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The Iowa coach says he thought his team competed hard against Purdue, and explains why it allowed so many 3-pointers Mark Emmert/HawkCentral

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IOWA CITY, Ia. — Purdue enjoyed a nice morning shootaround Saturday at Carver-Hawkeye Arena, lining up to nail uncontested jump shots the way visiting basketball teams have done for decades.

The difference was, this was actually during a game and the Iowa Hawkeyes were physically in the building trying to stop the Boilermakers.

Not that the 14,822 fans who showed up for the 11 a.m. tipoff would have noticed.

No. 3 Purdue scored 16 points in a row early to bury the hapless Hawkeyes en route to an 87-64 win that wasn’t nearly as competitive as even that score might suggest. The Boilermakers led 51-20 at halftime, a poor showing even by Iowa’s standards this season. They made 11 of 16 3-pointers in the half against an Iowa perimeter defense so passive that Purdue didn’t even need to look inside before choosing which open player would take the shot.

“We weren’t aggressive enough on defense to get out to their shooters. They had too many open looks and rhythm looks. A guy would hit one, come down, kind of get the same kind of look,” Iowa freshman center Luka Garza said. “That’s something we’ve got to recognize and pick up in the game, kind of to stop that.”

Iowa (10-11, 1-7 Big Ten Conference) has had an entire season to recognize this weakness. It has yet to find a solution. Big Ten opponents are making 44.9 percent of their 3-pointers. In his college career, Steph Curry made 3s at only a 41.2 percent rate. He would have loved to face these Hawkeyes.

Purdue was the first ranked opponent Iowa has faced this season. It was the first capacity home crowd this winter. The late Chris Street was honored during an emotional halftime ceremony that brought that crowd to its feet.

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All of this should have conspired to summon a fiery performance from the home team.

It did not.

“We talk about, when you’re in these type of environments, trying to pass the ball more than dribble,” Purdue coach Matt Painter said. “When it gets loud and you can’t hear yourself think and you can’t see the play call, you don’t know what’s going on, just moving the basketball and then playing off your instincts.”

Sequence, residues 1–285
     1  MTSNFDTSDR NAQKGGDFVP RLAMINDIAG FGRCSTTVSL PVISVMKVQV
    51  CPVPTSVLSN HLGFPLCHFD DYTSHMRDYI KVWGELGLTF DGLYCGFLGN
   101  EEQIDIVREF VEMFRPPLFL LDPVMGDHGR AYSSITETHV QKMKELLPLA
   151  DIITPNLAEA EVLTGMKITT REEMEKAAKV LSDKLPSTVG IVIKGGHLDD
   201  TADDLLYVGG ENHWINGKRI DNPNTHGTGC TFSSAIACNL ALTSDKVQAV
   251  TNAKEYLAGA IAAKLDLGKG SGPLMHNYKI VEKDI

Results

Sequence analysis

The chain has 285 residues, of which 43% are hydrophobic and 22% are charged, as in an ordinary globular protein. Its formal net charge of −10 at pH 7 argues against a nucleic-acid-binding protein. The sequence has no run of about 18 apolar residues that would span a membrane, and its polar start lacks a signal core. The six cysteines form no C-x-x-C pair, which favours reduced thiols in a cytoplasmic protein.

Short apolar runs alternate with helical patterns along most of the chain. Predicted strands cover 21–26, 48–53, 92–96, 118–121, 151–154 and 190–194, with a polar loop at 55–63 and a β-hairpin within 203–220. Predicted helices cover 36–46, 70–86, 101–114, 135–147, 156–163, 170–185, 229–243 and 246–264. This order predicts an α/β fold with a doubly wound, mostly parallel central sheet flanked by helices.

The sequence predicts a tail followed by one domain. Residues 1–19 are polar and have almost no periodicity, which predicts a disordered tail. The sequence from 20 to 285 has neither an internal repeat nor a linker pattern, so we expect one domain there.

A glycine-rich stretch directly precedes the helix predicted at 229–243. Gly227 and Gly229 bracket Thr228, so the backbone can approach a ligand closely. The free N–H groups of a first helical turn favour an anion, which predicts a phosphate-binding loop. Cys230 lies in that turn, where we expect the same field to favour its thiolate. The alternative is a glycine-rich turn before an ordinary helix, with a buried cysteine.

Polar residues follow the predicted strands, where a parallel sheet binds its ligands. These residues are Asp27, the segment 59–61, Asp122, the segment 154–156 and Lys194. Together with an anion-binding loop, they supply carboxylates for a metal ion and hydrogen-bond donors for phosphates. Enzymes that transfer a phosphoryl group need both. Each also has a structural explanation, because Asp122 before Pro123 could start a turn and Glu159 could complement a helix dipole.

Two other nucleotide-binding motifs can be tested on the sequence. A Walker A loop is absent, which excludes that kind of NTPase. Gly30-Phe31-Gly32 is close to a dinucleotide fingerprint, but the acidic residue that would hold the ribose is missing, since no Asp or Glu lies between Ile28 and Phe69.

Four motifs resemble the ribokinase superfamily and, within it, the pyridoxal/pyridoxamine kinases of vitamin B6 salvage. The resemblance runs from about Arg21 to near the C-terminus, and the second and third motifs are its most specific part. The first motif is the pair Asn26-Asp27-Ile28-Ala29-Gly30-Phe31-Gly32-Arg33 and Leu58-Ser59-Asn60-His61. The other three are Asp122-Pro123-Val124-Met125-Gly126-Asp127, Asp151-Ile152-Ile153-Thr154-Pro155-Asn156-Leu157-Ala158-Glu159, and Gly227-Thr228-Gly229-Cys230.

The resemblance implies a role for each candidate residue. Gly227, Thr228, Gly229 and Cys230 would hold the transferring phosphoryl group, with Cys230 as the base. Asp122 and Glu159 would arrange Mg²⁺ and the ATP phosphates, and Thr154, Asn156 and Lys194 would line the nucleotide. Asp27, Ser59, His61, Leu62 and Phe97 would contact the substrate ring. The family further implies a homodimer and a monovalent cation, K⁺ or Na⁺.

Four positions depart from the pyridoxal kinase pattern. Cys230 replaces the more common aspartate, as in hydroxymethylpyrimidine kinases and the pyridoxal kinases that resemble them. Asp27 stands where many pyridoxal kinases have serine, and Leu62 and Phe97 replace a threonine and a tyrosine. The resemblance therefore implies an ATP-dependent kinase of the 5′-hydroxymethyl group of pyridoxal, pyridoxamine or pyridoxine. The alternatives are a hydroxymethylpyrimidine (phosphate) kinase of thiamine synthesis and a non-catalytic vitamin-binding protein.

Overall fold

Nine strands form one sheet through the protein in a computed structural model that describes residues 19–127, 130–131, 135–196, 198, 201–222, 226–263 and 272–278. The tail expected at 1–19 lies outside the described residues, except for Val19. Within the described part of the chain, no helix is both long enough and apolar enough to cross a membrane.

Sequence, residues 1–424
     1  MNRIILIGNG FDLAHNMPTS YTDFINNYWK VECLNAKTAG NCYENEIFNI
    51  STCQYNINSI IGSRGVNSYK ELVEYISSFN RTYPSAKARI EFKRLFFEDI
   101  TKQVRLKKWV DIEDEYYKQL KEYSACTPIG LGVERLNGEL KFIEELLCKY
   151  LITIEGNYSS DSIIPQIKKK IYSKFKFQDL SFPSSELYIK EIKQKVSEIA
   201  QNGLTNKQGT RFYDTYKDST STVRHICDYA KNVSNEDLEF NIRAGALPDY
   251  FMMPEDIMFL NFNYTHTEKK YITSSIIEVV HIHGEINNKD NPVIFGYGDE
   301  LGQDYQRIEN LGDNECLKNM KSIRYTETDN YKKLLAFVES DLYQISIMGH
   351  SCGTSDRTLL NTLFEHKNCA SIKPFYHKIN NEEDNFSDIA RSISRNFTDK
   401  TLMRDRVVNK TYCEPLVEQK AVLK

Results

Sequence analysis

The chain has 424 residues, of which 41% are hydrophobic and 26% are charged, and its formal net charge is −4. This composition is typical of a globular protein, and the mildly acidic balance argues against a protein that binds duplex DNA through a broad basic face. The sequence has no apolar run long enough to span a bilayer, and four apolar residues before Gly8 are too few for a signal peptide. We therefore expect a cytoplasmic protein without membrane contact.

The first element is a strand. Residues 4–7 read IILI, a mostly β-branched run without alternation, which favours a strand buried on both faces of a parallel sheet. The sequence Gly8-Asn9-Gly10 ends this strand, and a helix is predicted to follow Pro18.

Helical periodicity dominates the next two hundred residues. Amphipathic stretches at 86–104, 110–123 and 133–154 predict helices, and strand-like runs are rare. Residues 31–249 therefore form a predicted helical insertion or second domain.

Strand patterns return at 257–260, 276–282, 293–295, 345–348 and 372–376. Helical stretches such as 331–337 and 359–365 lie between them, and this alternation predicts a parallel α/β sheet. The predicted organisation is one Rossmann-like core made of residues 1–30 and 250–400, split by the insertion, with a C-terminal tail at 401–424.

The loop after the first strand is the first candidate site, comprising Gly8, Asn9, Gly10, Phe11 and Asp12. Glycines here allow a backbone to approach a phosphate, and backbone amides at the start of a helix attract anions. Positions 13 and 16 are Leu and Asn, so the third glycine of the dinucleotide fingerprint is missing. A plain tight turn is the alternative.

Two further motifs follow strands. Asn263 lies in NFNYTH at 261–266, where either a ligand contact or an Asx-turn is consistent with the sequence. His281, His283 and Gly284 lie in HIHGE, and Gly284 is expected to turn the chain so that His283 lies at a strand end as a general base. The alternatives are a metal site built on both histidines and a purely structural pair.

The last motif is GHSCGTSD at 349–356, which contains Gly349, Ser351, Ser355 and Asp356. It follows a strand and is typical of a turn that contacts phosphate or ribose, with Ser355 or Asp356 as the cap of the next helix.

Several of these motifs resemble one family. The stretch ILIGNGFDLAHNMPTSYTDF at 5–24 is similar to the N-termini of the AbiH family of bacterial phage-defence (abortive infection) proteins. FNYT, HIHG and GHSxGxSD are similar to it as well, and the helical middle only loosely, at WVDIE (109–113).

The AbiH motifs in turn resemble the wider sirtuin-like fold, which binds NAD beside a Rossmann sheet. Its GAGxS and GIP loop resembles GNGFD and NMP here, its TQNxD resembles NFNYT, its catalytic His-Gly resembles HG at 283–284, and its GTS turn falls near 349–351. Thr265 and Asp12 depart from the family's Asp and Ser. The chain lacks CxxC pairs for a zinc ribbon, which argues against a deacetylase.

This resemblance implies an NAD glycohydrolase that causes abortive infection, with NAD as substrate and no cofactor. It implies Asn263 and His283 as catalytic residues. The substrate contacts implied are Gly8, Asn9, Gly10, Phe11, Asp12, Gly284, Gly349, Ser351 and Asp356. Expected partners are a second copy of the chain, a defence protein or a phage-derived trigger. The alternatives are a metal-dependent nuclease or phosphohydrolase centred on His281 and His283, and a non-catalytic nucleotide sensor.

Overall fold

The Boilermakers’ instincts did not fail them. They set a program record with 20 3-pointers, also the most any team has ever generated in Carver-Hawkeye Arena.

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And it started, as it usually does against Iowa, right after the first media timeout. This has been a confounding pattern this season for the Hawkeyes, who often play a strong opening 4 minutes only to watch things unravel in the immediate aftermath.

At Illinois on Jan. 11, a six-point deficit turned into 20 for Iowa after that first timeout. At Rutgers on Wednesday, a two-point hole turned into 17.

And then Purdue showed Iowa how much separation a good team can make. The Boilermakers made 11 of 12 3-pointers in one stretch and enjoyed a double-digit lead for the final 33:36 of the game.

Iowa’s response was to let them keep shooting. The Hawkeyes were whistled for only seven fouls all day, apparently not wanting to get close enough to the Boilermakers to touch them.

“We got outplayed by a really good team. They’ve been doing it to everybody,” Iowa coach Fran McCaffery noted.

“They’re a tough cover because you’ve got to defend the post. They have multiple 3-point shooters, and every one of their 3-point shooters can go off the dribble. They have you all spread out.”

McCaffery said he felt his players gave a good effort Saturday. Those players also preferred to give the Boilermakers credit for playing a great game and to look toward the future, which starts with a Tuesday home game against Wisconsin.

But there’s no excuse for repeatedly falling behind by double-digit margins in the first half, and that’s what the Hawkeyes need to answer for.

Only point guard Jordan Bohannon seemed to want to address his team’s deficiencies.

“We still want to be demanding. We don’t want to stay optimistic and live in a positive world the entire game because we know there’s going to be adversity that hits us,” Bohannon said.

“We can be more demanding of each other and hold ourselves more accountable, whether that’s getting more stops on the defensive end or whatnot.”

After two losses this week by a combined 39 points, it’s certainly time for the Hawkeyes to do that.

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